Coast KZN

04 May 2018

Dolphin washes up on Durban beach

Zainul Dawood (Daily News) Picture: An adult female bottlenose dolphin washed up on Wedge beach in Durban. (Picture: Kelly De Klerk, SAAMBR)

An adult female bottlenose dolphin which washed up on Wedge Beach in Durban will undergo an autopsy to determine the cause of its death on Friday.

Gabby Harris, a member of the South African Marine and Biological Research(SAAMBR), said when they arrived at the beach on Thursday afternoon the dolphin was facing out to sea in shallow water and the sea tide was going out.

“There were no visible signs of injury. She seemed in good health. It is an Indian Ocean dolphin. We took the dolphin to our facility at the Ushaka Marine World where scientists will determine the cause of death,” she said.

Harris said it was an emotional experience for the team because they work with dolphins on a daily basis at the uShaka marine world. She has been a member of SAAMBR for 28 years. The dolphin will be weighed and measured as well.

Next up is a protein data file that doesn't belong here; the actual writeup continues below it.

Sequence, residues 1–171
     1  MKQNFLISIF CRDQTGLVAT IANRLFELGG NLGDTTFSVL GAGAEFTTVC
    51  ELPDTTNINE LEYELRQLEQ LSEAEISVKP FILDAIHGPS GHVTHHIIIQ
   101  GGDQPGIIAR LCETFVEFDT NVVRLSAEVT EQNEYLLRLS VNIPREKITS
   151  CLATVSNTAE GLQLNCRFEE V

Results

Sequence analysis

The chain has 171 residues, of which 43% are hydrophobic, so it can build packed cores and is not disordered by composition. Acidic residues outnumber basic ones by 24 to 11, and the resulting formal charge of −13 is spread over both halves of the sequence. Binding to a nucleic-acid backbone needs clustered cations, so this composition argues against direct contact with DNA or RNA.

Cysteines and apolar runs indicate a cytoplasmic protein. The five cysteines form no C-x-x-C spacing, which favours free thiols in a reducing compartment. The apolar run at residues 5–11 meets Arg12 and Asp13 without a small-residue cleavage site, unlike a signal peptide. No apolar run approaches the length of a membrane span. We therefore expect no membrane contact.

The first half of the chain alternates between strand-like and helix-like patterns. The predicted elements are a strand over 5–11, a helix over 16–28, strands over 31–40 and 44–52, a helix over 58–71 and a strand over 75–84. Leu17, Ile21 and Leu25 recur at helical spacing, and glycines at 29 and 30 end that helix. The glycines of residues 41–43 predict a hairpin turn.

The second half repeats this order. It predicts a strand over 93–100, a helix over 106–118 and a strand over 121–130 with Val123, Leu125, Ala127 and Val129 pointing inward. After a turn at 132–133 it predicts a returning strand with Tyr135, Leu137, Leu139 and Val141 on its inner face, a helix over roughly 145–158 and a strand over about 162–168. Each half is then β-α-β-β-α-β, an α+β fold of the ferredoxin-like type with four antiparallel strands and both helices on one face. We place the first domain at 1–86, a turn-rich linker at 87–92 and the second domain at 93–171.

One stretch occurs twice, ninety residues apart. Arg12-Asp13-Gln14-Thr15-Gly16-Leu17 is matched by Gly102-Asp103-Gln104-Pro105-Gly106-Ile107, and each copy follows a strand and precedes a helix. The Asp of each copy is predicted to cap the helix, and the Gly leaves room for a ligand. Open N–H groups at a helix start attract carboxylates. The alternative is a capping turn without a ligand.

“We need to find out why this happened for our research purposes. The incident also gave us time to educate onlookers about pollution and mammals that are out at sea,” Harris said.

In November 2017, the Daily News reported that a marine scientist told the Symposium for Contemporary Conservation Practice in Howick that there was a record number of whale and dolphin strandings amid gas and oil exploration taking place along the KwaZulu-Natal coast.

Commenting on the claims, last year, senior Ezemvelo KZN Wildlife marine ecologist, DrJennifer Olbers, said the verdict was still out on whether seismic surveys, which use active sonar (sound navigation and ranging), are causing whale and dolphin deaths.

During seismic surveys by the oil and gas industry, air guns are blasted underwater every 10-15seconds for 24hours a day, producing noise levels of about 200decibels.

Research in other parts of the world indicated that seismic noise was harmful to several marine creatures, particularly whales and dolphins, but currently, there was not sufficient scientific evidence to prove this, Olbers said.